Wednesday, June 20, 2018


Turns out the reading I'm taking part in at unnameable books isn't next Thursday but actually tomorrow, June 21st, with two other poets and a band on the bill, 8PM, 600 Vanderbilt Avenue (corner of St. Mark's) in Prospect Heights, Brooklyn...if you can make it I'd love to see some familiar faces...


Tuesday, June 19, 2018

sorrow song

for the eyes of the children,
the last to melt,
the last to vaporize,
for the lingering
eyes of the children, staring,
the eyes of the children of
of viet nam and johannesburg,
for the eyes of the children
of nagasaki,
for the eyes of the children
of middle passage,
for cherokee eyes, ethiopian eyes,
russian eyes, american eyes,
for all that remains of the children,
their eyes,
staring at us, amazed to see
the extraordinary evil in
ordinary men.

Lucille Clifton, "sorrow song" from Next: New Poems. Copyright © 1987 by Lucille Clifton. Reprinted with the permission of BOA Editions, Ltd.
Source: Next: New Poems (BOA Editions Ltd., 1987)

Monday, June 18, 2018


The documentary Rachel E. Diken is making about my life and poetry has run out of funds and needs an infusion of money to continue, here's how to help:

and here's her recent interview with Ethelbert Miller:

Sunday, June 17, 2018


I want to wish a happy day to all those who
never had or knew their fathers…or whose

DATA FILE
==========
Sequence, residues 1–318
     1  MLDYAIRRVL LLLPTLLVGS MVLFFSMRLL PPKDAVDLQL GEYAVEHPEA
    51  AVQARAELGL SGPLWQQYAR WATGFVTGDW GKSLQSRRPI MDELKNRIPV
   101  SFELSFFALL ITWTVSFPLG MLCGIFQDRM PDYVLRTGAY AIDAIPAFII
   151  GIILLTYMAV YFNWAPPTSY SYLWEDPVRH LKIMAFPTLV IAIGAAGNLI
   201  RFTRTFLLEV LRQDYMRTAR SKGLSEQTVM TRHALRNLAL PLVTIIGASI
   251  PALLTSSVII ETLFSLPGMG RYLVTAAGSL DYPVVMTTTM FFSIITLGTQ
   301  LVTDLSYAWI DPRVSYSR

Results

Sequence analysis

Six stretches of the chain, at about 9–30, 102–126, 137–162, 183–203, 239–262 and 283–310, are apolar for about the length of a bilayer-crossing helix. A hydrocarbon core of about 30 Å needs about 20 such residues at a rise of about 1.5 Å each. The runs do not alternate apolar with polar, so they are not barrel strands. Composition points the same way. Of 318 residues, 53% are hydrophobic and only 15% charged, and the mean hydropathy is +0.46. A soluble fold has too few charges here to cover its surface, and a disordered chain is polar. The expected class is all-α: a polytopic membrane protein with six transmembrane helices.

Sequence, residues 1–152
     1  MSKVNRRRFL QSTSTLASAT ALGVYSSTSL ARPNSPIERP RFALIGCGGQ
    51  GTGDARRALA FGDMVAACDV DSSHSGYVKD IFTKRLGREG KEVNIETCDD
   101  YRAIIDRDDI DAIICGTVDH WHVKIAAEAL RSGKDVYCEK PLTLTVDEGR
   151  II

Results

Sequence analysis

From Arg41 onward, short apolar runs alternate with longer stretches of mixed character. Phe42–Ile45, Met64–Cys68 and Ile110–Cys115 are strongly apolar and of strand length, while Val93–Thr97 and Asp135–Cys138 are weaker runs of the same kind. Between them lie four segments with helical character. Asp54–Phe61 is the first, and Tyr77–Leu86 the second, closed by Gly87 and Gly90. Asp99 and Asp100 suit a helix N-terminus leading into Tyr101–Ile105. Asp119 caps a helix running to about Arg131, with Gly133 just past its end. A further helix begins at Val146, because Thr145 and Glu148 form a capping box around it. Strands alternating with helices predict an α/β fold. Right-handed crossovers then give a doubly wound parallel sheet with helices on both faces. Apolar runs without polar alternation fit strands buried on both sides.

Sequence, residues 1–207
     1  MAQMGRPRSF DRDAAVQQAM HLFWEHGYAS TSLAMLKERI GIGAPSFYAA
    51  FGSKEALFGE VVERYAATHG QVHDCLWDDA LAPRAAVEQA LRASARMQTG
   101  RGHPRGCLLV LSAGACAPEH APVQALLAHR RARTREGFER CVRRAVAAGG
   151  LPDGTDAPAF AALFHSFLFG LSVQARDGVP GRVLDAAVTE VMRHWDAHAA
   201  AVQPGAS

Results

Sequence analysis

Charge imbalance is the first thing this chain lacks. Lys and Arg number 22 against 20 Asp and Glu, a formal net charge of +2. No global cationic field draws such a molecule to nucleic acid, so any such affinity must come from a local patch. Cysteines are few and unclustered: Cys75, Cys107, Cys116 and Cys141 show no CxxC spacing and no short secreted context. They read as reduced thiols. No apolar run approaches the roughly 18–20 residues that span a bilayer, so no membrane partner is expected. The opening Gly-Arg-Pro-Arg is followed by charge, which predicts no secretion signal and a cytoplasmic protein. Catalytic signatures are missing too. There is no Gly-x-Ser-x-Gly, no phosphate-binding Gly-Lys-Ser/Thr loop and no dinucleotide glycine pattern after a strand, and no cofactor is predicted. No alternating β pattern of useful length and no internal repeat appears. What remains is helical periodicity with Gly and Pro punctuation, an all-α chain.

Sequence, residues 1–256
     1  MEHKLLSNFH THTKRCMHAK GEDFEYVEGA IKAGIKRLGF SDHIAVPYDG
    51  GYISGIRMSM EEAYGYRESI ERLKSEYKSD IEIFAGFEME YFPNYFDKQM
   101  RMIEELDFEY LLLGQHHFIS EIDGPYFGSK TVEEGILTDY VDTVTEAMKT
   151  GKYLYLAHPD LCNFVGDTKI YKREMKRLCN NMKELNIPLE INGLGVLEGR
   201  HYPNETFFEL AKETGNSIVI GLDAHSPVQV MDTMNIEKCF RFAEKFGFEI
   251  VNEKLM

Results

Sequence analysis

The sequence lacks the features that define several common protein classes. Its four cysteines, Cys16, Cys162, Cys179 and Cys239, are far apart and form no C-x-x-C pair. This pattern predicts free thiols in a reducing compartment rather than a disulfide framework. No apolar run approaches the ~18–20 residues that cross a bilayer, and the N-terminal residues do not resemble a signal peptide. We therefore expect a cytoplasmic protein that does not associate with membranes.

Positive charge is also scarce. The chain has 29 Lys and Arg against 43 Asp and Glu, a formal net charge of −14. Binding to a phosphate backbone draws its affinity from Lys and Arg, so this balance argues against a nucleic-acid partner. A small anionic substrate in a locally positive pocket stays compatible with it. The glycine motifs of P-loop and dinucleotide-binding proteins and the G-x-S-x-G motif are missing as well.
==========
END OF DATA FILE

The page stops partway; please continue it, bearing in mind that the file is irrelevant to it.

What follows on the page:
fathers were unkind, or even cruel to them…
may your day be filled with love and affection

...and to those who parented the young and 
old alike who needed it and had no one else
to turn to, may your day be as happy as the
hearts of those who benefited from your love...

Friday, June 15, 2018


Went to the opening of Charles Mee's new play, FIRST LOVE, and was swept away by the experience. The direction by Kim Weild makes the abrupt transitions in this story of "first love" coming to two seniors easy and more subtle than the writing indicates, and the acting is worth the price of admission.

Michael O'Keefe—a dear friend for many decades whose acting on stage and screen I have been observing since he made his initial impact in THE GREAT SANTINI—has never been better, displaying so many emotional variations that his performance becomes a master class in the art of stage acting. Especially when matched by Angelina Fiordellsi, both of them out pacing each other in the bravery of their performances.